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Amy Adams on 'Batman v Superman' and not needing an Oscar

The five-time Oscar-nominee jokes that actors need to be trained in how to act for green screen.

With "Batman v Superman: Dawn of Justice," Amy Adams gets her second crack at playing comic book icon Lois Lane, who she first played in 2013’s “Man of Steel.” Apart from getting to see Ben Affleck’s incarnation of the Caped Crusader, the five-time Oscar-nominated actress, 41, learned a few new things —like the fact that Superman’s stomping grounds Metropolis and Batman’s Gotham are actually quite close to each other, geographically speaking.

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I didn’t realize Gotham and Metropolis were so close.
Yeah, I didn’t either. I remember [director] Zack [Snyder] trying to explain to me when we were shooting certain scenes, and I’m like, “Where is this?” And he’s like, “It’s here.” So it’s across the parking lot in my world, but on a green screen.

Have you gotten used to that yet as an actor —the amount of green screen?
I feel like I’ve done a lot of green screen now. I just did a film called “Story of Your Life” [the forthcoming film from fashion designer-turned-director Tom Ford] and I was literally just talking to a green screen for a lot of the movie. I feel like as an actor it’s my job create a world that doesn’t exist, except in the world that we’re living in, that we’re creating. So it’s just another element that you add to it.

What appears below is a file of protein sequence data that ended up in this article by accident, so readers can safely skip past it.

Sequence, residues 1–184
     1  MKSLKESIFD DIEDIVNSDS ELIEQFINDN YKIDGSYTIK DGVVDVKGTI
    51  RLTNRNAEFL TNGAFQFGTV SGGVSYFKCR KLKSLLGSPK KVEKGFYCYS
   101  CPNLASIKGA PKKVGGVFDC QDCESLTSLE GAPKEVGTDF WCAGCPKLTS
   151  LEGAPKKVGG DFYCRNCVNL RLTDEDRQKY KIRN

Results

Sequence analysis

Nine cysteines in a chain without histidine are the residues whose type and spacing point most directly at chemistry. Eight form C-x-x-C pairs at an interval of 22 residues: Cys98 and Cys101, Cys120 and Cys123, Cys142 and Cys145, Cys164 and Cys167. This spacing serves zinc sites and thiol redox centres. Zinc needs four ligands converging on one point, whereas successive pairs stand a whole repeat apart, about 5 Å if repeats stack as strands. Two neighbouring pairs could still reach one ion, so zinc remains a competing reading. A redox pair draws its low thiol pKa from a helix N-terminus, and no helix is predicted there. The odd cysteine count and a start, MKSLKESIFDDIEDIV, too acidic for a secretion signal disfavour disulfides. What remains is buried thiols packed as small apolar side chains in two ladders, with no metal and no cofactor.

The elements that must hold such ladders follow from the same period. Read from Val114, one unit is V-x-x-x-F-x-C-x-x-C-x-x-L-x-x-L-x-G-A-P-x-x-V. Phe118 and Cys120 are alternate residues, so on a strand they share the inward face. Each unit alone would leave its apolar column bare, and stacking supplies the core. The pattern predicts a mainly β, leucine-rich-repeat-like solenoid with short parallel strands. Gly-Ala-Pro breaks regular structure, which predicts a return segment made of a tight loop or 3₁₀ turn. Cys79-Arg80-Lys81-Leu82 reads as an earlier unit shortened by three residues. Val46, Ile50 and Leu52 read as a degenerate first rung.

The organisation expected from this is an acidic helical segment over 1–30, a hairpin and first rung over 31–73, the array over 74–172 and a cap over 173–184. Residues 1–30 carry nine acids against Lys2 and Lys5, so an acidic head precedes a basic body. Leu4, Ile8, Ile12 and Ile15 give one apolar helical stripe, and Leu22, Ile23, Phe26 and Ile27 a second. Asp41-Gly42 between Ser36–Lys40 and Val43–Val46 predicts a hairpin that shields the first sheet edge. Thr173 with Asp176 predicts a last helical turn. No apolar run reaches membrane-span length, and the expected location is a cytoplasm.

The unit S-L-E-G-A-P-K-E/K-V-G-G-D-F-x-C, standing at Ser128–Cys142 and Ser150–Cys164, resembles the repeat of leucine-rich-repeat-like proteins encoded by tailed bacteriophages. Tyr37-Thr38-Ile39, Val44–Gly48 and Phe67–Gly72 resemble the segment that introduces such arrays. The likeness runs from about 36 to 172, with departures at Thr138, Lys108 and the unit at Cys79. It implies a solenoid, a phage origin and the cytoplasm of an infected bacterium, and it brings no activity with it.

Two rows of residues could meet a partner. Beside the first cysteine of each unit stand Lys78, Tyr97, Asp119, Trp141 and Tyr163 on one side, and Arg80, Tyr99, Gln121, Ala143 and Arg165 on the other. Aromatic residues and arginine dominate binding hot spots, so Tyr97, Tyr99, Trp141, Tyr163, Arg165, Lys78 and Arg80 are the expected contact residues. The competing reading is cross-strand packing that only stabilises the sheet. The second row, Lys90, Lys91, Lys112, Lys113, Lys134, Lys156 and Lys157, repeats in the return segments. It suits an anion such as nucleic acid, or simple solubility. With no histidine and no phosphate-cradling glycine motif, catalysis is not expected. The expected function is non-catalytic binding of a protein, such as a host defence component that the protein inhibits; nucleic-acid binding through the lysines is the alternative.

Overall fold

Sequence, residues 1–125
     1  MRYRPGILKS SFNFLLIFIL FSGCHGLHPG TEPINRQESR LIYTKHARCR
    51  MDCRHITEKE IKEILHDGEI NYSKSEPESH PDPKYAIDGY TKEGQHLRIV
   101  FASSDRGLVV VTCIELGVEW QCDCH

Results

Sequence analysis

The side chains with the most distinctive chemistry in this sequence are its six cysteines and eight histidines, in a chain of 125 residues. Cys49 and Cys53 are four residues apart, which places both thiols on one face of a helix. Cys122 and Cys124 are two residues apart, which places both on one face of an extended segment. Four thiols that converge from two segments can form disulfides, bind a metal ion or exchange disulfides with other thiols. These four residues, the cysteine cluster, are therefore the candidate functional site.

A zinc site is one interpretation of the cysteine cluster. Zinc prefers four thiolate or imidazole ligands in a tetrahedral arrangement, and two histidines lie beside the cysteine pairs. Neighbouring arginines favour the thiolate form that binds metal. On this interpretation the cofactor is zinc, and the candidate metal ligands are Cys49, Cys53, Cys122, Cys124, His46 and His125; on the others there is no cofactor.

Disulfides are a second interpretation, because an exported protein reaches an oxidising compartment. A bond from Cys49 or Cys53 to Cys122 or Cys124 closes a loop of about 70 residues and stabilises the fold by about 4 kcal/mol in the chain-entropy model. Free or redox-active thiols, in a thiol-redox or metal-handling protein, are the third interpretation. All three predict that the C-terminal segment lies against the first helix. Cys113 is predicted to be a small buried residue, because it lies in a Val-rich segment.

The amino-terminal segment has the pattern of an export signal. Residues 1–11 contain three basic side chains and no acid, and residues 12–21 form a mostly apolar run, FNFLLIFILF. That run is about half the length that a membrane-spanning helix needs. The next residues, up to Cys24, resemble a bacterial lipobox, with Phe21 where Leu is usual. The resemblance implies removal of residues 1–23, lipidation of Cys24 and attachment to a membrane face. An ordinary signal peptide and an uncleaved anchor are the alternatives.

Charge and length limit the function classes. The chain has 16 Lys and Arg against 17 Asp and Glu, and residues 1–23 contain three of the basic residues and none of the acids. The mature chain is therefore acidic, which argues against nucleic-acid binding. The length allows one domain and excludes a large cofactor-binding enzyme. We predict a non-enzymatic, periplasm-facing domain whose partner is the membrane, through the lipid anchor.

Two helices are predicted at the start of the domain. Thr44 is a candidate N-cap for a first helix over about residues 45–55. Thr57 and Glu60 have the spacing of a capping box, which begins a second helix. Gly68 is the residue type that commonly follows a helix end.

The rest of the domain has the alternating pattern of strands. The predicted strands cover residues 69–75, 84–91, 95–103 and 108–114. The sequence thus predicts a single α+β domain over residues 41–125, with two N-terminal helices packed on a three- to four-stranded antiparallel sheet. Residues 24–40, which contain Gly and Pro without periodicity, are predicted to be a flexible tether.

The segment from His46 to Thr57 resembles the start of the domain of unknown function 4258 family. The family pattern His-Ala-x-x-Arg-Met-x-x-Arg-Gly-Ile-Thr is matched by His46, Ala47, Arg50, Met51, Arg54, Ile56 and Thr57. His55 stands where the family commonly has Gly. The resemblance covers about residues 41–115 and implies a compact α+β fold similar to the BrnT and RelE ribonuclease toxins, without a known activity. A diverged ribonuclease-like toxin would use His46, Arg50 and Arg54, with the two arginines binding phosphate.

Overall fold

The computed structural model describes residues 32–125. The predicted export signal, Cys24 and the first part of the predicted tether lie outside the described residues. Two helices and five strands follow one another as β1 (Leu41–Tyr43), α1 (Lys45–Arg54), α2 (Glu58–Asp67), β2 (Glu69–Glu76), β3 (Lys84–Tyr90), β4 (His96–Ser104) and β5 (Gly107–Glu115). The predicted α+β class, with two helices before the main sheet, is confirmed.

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It just seems like a skill they didn’t emphasize as much 10 years ago.
No, I don’t really think they teach acting to a tennis ball in colleges or universities. They probably should add that to the acting program.

I don't know if you heard, but a recent poll decided that now that Leonardo DiCaprio has an Oscar, you're the next on the list for people to feel it's due.
Really? Oh gosh. I have a list. I can think of some people [more deserving]. Annette Bening, Glenn Close … but that’s nice, that’s very nice.

We could get a campaign started for you.
I don’t think about it. I sort of conceded a long time ago that that probably wouldn’t happen, just given the odds. That hasn’t been part of my motivation. I wouldn’t give it back if they gave me one, but I don’t poo-poo the whole idea of it. It’s just if I spent time thinking about it, that seems like something petty to feel sorry for myself about.

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How great would it be if they announced a winner at the Oscars and the person was like, "No, I'm good"?
“Uh, yeah, no. That wasn’t really my best work.” Can you imagine? “I think someone else did better work, I think we all know who that person is, I’d like to give it to them.” I don’t think that that’s happened.

You could be the first.
No, I wouldn’t do that. I wouldn’t tackle someone to get to the stage, but I’m not gonna … no.

Follow Ned Ehrbar on Twitter @nedrick
 
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